Beuatiful architecture in Kipsala

Latvia’s New Found Freedom

Soon, we’re making our way back onto the suspension bridge and back into Old Town Riga.

Our last stop on the tour is the Freedom Monument, an iconic landmark that’s clearly the centerpiece of the city. Built in honor of soldiers killed during the Latvian War of Independence(1918–1920), the monument is considered an important symbol of the freedom, independence, and sovereignty of Latvia.

The sculptures and bas-reliefs of the monument depict Latvian culture and history. The core of the monument is composed of tetragonal shapes on top of each other, completed by a 19-metre (62 ft) high travertine column bearing the copper figure of Liberty lifting three gilded stars that represent the three cultural regions of Latvia (thou now there are four).

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I notice several bouquets of flowers laid on the floor of the monument. Artus explains that they are offered by people to commemorate the anniversary of the Baltic Way, a quiet protest in 1989 where 2 million people across Estonia, Latvia and Lithuania held hands and formed a continuous human chain that spanned 675km.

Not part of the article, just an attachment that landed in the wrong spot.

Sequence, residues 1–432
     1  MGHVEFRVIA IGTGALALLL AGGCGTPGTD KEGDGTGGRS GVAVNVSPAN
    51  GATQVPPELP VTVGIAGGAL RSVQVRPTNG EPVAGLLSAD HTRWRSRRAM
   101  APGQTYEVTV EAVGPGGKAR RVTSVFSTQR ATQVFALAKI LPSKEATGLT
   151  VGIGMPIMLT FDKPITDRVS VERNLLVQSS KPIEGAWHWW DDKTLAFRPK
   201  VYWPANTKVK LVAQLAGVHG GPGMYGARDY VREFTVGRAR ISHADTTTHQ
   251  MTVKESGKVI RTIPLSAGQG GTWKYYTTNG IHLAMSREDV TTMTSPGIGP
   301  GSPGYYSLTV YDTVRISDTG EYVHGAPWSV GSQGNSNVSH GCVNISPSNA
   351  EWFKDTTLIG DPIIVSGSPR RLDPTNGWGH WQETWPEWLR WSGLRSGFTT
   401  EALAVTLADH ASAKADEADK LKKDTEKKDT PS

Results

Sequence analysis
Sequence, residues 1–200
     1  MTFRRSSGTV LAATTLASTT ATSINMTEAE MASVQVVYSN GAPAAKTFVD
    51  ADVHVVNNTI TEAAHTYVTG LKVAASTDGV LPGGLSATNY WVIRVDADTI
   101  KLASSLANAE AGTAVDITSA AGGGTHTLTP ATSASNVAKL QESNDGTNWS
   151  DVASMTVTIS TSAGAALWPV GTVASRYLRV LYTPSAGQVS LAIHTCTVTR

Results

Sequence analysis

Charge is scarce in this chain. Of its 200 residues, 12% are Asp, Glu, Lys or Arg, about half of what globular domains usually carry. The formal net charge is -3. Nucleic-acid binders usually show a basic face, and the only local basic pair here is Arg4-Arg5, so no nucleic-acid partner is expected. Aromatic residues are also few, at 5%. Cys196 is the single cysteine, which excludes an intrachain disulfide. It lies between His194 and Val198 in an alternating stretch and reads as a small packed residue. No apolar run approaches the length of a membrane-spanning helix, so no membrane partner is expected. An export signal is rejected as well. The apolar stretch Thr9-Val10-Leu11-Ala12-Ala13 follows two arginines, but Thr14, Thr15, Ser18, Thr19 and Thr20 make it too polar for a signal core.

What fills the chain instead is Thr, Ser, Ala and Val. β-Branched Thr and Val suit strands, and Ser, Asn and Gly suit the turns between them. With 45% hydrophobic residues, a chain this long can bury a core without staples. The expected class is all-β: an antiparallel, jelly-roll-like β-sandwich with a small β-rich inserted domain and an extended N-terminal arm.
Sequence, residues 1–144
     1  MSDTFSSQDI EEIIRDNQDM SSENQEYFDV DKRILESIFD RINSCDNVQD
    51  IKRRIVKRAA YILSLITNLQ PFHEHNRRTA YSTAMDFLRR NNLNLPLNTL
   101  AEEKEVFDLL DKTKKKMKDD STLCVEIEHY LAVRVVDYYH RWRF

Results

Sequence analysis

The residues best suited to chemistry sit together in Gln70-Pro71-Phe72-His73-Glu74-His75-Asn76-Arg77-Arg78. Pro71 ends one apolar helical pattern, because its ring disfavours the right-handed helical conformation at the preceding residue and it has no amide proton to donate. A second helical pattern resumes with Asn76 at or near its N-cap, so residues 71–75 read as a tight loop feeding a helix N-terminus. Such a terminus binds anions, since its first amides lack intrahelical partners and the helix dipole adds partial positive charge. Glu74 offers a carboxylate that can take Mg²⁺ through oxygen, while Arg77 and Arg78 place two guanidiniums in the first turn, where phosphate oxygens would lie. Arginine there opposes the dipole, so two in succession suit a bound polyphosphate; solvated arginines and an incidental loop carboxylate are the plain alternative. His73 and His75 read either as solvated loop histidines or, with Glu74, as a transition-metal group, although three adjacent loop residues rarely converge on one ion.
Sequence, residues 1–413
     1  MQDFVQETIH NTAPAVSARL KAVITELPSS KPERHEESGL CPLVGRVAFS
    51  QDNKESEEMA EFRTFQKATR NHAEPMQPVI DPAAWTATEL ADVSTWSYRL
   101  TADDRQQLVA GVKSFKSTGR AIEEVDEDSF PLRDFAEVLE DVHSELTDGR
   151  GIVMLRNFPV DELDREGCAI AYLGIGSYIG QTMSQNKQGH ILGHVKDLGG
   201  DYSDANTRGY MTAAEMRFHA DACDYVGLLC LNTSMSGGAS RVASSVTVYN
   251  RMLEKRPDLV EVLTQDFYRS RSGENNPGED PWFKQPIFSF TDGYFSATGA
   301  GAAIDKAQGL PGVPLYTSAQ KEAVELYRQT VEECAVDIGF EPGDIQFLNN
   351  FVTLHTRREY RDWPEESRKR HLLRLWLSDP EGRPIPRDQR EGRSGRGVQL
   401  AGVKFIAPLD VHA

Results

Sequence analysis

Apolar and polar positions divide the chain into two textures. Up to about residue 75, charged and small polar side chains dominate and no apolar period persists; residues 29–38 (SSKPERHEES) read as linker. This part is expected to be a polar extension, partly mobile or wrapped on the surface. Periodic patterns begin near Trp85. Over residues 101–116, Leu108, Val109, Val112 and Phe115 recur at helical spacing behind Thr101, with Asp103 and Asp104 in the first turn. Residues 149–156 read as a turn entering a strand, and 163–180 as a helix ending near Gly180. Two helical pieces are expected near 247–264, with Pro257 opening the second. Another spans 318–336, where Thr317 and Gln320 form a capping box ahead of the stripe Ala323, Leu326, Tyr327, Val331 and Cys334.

…to commemorate the anniversary of the Baltic Way, a quiet protest in 1989 where 2 million people across Estonia, Latvia and Lithuania held hands and formed a continuous human chain that spanned 675km.

The protest was designed to draw global attention by demonstrating a popular desire for independence for each of the entities. It also illustrated solidarity among the three nations. It has been described as an effective publicity campaign, and an emotionally captivating and visually stunning scene.

Freedom Monument in Riga, Latvia

“Latvia is still a really young country, and we have so much to work towards.” Artus says with much fervor. Indeed, in a country as small and young as Latvia, you have to create your own path and do things differently, just as the guys at E.A.T Riga are doing.


HOW TO:

This bike tour was organized by E.A.T Riga, a funky explorers club that organizes bike tours and city walks in Riga.

From the start of May through to the end of September, they run two daily bike tours  at 12:00 and 15:00 from Rātslaukums – near  the Town Hall. The bike tour only costs 15 euros per person.

It is best to book in advance to guarantee your spot. Private tours may be booked in advance with us all through the year but are dependent on good weather, especially in the winter!

Riga bike tours


Disclaimer: This trip is a collaboration between iambassador and Latvian Tourism Development Agency with the support of the European Union Regional Development Fund. As always, all opinions remain my own.